Friday, May 29, 2009


Cake! I saw a recipe for lemon raspberry cake on Vegalicious, the first vegan recipe blog I subscribed to way back in the day when I was learning vegan basics. Although the recipe was posted in early March I immediately sent it to Jeff and told him that this is the cake I would want for my 25th birthday. (Jeff and I don't buy each other gifts, instead we make each other baked goods for birthdays.)

The cake is absolutely divine. Jeff made it with limes instead of lemon, and the entire kitchen smelled like key lime pie while it was baking. The frosting was a bit thick, I like creamier frosting, but it was still delicious. I had just purchased a pastry decorator and had a hard time piping it through the nozzle, and it was my first try with the decorator. Hopefully I'll get more practice with decorating baked goods in the future. (I was also only able to take one or two photos because my parents, Jeff and I wanted to eat it instead of waiting forever for me to get a lot of shots.)

Friday, May 22, 2009

Baby Lettuce!

Lettuce The bucket full of lettuce seeds out on my fire escape has grown into a bucket full of baby lettuces! Jeff and I have been eating away at these since they were wee sprouts, and now they are actually big enough to make a somewhat substantial salad.

I'm excited that they're so big. My parents are visiting tonight, and I plan on making some mushroom risotto (easily veganizable recipe courtesy of Joy of Cooking, my favorite cookbook ever), seitan and a salad including our baby lettuce, and some tomatoes and pepper. Maybe the locally grown lettuce will almost offset the fact that our rice was imported from Thailand.... Or maybe not. But home grown lettuce is really easy to grow and certainly tastes better than anything purchased in a store!!

[More Photos]

Tuesday, May 19, 2009

Plastic Waste (May 13-19, 2009)

I know that plastic waste may not seem to have much relevance to food, but for me it does. I don't buy much stuff, but I do buy a lot of food. Until recently, when I started reading the blog Fake Plastic Fish, I just bought whatever was cheapest in the store without giving much consideration to the overall impact of that decision. Although I have been using plastic tote bags for about 5 years, and rarely used plastic produce bags, I didn't think twice about using plastic bags to fill up on bulks at the co-op. I didn't take into any consideration if my condiments were packaged in glass or plastic bottles.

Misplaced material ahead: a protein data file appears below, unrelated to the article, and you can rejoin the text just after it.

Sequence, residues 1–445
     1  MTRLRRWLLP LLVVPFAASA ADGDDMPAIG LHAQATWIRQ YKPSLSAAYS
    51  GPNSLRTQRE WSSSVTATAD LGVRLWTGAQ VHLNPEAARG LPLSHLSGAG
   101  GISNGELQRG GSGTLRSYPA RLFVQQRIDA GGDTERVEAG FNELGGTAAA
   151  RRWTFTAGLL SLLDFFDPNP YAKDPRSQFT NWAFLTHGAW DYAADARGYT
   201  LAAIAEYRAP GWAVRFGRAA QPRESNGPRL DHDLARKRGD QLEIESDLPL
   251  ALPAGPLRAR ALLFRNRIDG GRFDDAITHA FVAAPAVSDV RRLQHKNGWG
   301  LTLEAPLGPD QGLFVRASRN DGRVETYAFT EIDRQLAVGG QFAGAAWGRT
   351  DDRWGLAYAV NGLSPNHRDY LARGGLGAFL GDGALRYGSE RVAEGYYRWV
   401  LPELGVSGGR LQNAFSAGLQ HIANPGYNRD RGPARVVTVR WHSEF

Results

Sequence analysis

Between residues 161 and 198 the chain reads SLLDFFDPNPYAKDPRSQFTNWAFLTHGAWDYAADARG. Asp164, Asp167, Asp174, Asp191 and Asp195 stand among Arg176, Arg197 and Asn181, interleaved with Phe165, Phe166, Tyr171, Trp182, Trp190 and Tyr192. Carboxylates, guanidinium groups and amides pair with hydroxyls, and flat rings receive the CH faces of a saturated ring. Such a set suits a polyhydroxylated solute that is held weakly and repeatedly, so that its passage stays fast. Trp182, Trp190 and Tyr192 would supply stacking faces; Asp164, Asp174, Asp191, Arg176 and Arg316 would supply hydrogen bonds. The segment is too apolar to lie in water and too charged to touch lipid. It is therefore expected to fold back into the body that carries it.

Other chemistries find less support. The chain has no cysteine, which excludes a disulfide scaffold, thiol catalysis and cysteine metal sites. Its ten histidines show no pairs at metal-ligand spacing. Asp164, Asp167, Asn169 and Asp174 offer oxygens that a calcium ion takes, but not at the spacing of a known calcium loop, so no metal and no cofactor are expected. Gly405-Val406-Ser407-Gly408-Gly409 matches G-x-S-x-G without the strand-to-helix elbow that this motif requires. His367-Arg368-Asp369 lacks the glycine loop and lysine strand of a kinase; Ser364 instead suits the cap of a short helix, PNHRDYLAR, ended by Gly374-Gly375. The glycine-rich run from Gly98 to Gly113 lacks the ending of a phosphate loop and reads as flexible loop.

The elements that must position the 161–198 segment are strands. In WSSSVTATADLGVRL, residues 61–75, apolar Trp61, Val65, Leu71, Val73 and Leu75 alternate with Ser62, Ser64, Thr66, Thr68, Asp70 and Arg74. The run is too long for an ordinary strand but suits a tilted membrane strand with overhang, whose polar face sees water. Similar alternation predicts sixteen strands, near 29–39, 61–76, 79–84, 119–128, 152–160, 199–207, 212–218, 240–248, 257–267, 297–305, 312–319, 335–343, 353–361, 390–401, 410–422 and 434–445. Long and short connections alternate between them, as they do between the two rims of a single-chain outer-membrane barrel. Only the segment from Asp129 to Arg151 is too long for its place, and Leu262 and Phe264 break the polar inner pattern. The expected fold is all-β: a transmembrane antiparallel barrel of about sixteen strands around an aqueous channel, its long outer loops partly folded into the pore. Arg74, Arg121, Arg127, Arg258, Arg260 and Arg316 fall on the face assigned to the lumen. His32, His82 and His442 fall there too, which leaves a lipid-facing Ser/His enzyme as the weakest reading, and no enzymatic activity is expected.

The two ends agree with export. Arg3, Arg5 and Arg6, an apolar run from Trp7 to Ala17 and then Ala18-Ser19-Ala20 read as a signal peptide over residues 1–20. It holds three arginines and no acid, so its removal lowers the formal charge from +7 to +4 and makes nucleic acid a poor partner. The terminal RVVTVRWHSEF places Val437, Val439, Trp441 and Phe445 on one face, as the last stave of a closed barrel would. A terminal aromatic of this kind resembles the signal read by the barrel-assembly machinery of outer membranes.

When I started to read Fake Plastic Fish, it turned on a light bulb in my brain. It made me realize that while I may complain about plastic packaging, it's ultimately my decision to purchase (or not purchase) plastic packaged items. Yes, this is much easier said than done, but I have been in the process of changing my purchasing habits over the past few months. I have a long way to go but have already made a lot of progress.

I have a list on my freezer of a lot of food items I use that are made with plastic, and while I don't have alternatives for everything yet, there are some things (like pizza dough) that are so easy to make that I instantly made the switch.

Recently, Beth from Fake Plastic Fish issued a challenge for her readers to tally up their plastic waste for one week. I have wanted to do something like this for a while, but I feel like now is the perfect time to finally get around to seeing how much plastic I go through in a week.

I have to preface this list by noting that this is only household waste (nothing from work is counted, although I had a lucky week where I created no plastic waste, I have a very eco-unfriendly job). This is also waste generated by two people - Jeff and me.

Here is the tally for May 13-19, 2009:

May 13:

  • Tempeh Package - I love tempeh, and as a vegan it's one of my main "meat" sources. I don't tend to like faux meats -- tofu and tempeh pretty much do it for me, and tempeh is my absolute favorite. I know this is something that I can eventually learn how to make myself, and I will, but for now I am scared off by the idea of fermenting my own soybeans. For now I will continue to buy tempeh, and it is unfortunately packaged in plastic. (Although, I do feel like I have done a little bit to help by purchasing Soy Boy tempeh, which is a great small company, and I boycott LightLife products, which are made by the Evil Empire ConAgra.)

  • Scotch Brite Sponge - Jeff (who is also eager to help catalog my plastic waste) asked me if a sponge is made from plastic, and if not, could we compost it? Apparently the disgusting smell coming from my sink wasn't coming from my sink, it was coming from my sponge. Gross. I tend to use sponges over and over for several months, and it's high time I get rid of this one. I looked online and while the spongy base is made from wood pulp, the green scouring top is made from nylon fiber. In the future I will make the switch to Skoy Cloths, but in the mean time I have several more sponges that I bought over a year ago sitting in my pantry waiting to get my dishes clean. (For the record, I intend to put the spongy bottom into the compost and see what happens.)

  • Scouring Pad - I've had this thing sitting around for ages, and I don't know why I didn't get rid of it awhile ago. It long since lost its ability to get my cast iron skillet clean (and I've since switched to a grill brush which should last much, much longer than scouring pads). It's also Scotch Brite, so it's similarly made from nylon fibers. Needless to say I won't be buying these again.

May 14:
  • Tempeh - Again.

  • 5 Soy Sauce Packets - I'm not sure if these are made out of plastic but I think so, and am going to include them. I usually always have tamari on hand in the fridge, but I was out, and had these soy sauce packets from take-out sushi way back when, so I used them while making fried rice.